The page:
Wednesday, December 06, 2006

New, Improved G Train To Change Brooklyn as We Know It

Rail lines have historically been critical in the way cities evolve and grow. New York as we know it today, was shaped by the extension of its subway and trolley lines. So, when the story surfaced yesterday about the MTA's service changes on the L and G trains, you had to wonder what it will mean. The L train service improvements are a no-brainer. It means that riders getting on at Beford might no longer have to double back five stops to get on a train with room for a few more bodies.

But extenion of the G five stops south to Church Avenue? Now, there's a social revolution in the making. The L Train change will happen first. The G Train extension, well, that will be in 2008. Nonetheless, the day is at hand when North Brooklyn hipsters will be able to visit their South Brooklyn friends without changing trains. Park Slope to Grand Street or Nassau in one shot, baby.

Jen Chung over at Gothamist, who stays atop the MTA's various doings, wrote:
Are pigs flying? Has hell frozen over? am New York finds some glorious information buried in the MTA's 2007 budget...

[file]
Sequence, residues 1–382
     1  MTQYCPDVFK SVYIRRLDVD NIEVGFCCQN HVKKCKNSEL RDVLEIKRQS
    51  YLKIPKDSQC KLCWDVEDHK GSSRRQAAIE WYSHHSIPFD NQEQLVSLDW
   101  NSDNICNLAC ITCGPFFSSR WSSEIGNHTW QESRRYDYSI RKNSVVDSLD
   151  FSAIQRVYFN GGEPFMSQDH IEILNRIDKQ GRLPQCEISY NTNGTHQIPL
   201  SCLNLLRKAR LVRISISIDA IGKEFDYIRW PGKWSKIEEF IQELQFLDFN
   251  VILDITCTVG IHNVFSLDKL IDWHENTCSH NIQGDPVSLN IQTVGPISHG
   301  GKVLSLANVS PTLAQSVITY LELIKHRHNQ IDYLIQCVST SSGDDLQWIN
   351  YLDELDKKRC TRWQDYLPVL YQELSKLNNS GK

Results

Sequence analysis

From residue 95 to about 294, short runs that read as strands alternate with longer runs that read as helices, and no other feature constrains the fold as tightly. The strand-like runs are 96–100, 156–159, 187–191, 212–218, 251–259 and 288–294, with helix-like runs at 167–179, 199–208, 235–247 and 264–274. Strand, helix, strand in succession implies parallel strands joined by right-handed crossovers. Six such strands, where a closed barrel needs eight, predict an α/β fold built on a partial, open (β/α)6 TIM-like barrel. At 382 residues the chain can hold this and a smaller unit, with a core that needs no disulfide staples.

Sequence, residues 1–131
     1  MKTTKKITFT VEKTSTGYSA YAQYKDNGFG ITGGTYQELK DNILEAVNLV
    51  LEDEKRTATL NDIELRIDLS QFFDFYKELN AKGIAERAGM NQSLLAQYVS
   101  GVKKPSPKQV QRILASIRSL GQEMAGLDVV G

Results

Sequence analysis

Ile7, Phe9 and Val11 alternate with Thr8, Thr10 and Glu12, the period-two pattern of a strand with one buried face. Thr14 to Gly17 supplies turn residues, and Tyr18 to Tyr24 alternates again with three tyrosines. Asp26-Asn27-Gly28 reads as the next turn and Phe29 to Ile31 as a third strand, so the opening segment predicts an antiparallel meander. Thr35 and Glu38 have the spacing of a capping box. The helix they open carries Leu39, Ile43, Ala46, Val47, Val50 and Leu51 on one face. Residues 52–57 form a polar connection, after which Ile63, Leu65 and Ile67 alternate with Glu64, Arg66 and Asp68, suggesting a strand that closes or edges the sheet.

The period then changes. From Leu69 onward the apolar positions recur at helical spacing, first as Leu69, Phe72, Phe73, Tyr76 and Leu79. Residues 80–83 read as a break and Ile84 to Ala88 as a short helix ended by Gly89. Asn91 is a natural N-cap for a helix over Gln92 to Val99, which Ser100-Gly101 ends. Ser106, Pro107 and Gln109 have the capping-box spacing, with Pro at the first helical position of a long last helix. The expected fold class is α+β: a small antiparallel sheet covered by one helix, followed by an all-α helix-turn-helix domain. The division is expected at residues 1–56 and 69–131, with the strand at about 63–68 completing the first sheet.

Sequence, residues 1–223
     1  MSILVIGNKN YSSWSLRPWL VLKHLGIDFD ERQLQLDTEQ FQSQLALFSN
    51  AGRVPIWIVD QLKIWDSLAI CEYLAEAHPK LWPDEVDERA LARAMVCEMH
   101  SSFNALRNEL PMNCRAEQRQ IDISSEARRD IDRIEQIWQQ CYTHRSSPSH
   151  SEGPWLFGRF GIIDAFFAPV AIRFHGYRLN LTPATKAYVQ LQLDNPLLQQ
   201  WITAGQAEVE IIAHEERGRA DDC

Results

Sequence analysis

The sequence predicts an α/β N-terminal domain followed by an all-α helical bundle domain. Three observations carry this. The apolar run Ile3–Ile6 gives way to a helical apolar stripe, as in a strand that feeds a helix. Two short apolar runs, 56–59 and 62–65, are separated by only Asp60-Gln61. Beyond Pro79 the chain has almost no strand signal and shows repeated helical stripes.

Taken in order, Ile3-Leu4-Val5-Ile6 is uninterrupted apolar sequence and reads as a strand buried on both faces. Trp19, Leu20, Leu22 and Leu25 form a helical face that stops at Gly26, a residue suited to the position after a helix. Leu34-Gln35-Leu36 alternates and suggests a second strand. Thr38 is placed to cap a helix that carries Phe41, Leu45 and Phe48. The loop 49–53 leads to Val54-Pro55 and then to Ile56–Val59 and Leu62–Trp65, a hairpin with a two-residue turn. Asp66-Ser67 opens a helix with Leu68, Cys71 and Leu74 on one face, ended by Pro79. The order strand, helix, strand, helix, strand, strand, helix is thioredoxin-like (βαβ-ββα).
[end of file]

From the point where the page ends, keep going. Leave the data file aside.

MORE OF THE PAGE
Gothamist also includes a link to the Save the G website, which is an excellent introduction to the Little Green Torment.

One can see the day when Park Slope parents with strollers roam more freely on Bedford and when more hipsters wearing vaguely ironic work shirts break bread at Sette on Seventh Avenue or, even, invade Church Avenue. Gawker put it this way:
(More) Bugaboos on Bedford Avenue! Even longer lines at Southpaw! Less stuff for people to gripe about in those moving back to Manhattan trend pieces! ....Thank fucking God, is all we have to say. The only tiny downside that we can see is that by the time these plans actually take effect (late 2007-- early 2008), we will be too old for one of the neighborhoods and still too poor for the other. Oh well.
G trains stopping again at Seventh Avenue! Now, that's progress. Except when weekend service changes are planned, in which case the F will terminate at Smith-9th and the G will run from Smith-9th to Stillwell Avenue, with the F skipping J Street and terminating instead at Hoyt-Schermerhorn. Or something like that.

In all seriousness, this is just a tiny downpayment. Check back on the L and the G in another five or ten years when thousands more new North Brooklyn residents are living in waterfront housing in Greenpoint and Williamsburg, all of them depending on the G and the L to get to and fro.


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